Harpur Trust v Brazel: Holiday pay for part-year workers further questions

17th October 2022

Following the decision of the Supreme Court in the case of Harpur Trust v Brazel we continue to receive questions in relation to its impact. Below is a summary of the questions received this month and our responses. For a detailed analysis of the Supreme Court judgment please refer to our guidance note which can be accessed here.

If we decide to make a back payment to staff in respect of underpaid holiday pay, do we have to include interest accrued over the period in question?

No. The current position is that an employee can seek to recover an underpayment of holiday pay by way of a claim for an unlawful deduction from wages. In the context of a successful unlawful deduction from wages claim, an Employment Tribunal must order the employer to pay (or repay) to the worker the amount unlawfully deducted or received. In the context of a claim relating to unpaid statutory holiday pay, this is limited to any payment of holiday that was made in the two years prior to any claim and would equate to the amount unpaid in this period (i.e. the difference between the amount of holiday actually paid, and that which should have been paid in accordance with the decision in Brazel), not including interest accrued. There is, as such, no requirement for a school to pay interest in the event a decision is taken to voluntarily make a back payment.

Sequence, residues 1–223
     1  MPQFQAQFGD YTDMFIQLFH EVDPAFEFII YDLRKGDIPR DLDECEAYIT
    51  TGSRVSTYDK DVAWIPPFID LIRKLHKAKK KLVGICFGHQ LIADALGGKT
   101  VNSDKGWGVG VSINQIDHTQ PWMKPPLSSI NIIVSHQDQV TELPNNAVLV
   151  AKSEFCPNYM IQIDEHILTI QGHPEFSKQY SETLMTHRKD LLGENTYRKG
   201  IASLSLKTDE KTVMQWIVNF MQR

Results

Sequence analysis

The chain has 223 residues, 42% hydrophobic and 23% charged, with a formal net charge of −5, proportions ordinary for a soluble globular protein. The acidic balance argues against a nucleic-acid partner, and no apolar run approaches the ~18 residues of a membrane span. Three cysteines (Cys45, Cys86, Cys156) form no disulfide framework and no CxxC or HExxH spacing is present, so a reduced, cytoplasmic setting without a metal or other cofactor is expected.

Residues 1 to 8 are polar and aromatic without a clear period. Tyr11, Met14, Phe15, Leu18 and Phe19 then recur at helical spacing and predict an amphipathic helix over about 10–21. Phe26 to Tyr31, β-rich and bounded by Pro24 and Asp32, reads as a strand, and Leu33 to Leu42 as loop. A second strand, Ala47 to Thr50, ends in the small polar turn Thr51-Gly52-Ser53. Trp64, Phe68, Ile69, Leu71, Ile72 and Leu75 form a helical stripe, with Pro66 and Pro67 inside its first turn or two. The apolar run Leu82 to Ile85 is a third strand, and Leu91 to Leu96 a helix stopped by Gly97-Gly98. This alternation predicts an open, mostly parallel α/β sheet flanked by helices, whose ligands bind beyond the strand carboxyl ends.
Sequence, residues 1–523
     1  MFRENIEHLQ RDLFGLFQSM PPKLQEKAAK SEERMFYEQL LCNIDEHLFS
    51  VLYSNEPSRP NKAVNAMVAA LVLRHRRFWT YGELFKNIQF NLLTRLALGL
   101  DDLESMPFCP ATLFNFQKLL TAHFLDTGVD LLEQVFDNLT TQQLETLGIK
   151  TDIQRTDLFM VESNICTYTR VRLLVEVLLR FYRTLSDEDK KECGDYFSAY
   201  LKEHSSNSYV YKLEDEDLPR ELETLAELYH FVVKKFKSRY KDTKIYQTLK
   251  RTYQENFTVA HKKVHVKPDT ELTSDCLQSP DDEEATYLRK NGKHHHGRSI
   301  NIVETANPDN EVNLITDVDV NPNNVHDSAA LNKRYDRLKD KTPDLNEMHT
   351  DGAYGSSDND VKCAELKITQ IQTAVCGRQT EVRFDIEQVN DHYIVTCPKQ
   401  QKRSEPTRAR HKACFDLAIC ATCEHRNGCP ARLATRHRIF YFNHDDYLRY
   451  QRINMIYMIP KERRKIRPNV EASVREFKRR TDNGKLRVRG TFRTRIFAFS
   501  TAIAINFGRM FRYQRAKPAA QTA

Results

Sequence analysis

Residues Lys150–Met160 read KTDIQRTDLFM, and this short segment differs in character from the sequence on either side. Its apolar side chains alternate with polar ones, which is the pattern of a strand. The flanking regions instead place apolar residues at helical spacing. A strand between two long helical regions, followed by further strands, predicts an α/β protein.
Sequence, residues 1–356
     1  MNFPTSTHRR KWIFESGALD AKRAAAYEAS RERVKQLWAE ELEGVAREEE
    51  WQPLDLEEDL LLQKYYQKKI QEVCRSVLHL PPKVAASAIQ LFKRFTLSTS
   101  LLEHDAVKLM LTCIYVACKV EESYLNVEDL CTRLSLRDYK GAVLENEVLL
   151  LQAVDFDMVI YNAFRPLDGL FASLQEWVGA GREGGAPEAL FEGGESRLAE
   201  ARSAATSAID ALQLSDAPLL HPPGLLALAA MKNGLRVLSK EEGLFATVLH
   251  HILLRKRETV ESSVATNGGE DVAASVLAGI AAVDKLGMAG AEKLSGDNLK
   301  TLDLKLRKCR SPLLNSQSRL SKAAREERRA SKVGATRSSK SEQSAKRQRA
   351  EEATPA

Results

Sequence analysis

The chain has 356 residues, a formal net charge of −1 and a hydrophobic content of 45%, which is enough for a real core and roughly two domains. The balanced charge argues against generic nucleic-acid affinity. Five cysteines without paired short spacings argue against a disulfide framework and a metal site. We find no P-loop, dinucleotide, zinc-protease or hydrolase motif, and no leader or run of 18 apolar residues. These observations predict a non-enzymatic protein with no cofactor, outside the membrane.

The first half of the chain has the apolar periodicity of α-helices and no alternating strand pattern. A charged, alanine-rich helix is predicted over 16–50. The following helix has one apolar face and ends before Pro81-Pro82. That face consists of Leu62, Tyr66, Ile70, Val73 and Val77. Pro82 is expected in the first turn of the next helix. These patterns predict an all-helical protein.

We have a TA pay scale which is the same, in principle, as the teacher’s pay scale; we offer a salary to TAs who work TTO which is not pro-rated and is therefore not a percentage of an FTE salary.  As such, I do not think our TAs fall under the remit of the Brazel ruling so I will not need to include them in my review of holiday pay. Please can you confirm my understanding is correct?

In principle, yes, your understanding is correct. If a term time only member of staff is paid an annual salary, that is not pro-rated against a year-round equivalent, is paid in 12 equal monthly instalments and benefits from at least 5.6 weeks’ holiday paid at their normal rate of pay, they will not be caught by the decision in Brazel.  It is important, however, to check the contract wording carefully and to take legal advice if the position is unclear.

Where overtime counts as ‘normal pay’ (assuming the overtime is not the same each week), does this mean a worker with normal hours becomes a worker with no normal hours for the purposes of calculating average weekly pay for holiday pay purposes?  How should the week’s pay be calculated for holiday pay?

Workers have a right to a minimum of 5.6 weeks’ paid annual leave (4 weeks derived from the Working Time Directive (WTD) plus an additional 1.6 weeks under the UK Working Time Regulations (WTR)). Holiday pay should correspond to a worker’s “normal” remuneration so as to not discourage workers from taking annual leave.

There have been several cases over recent years dealing with the extent to which overtime payments should be included within the calculation of holiday pay. It is now clear that, as far as overtime is concerned, the following should be included within the calculation of holiday pay (albeit only in respect of the four weeks of statutory holiday derived from the WTD, see further below):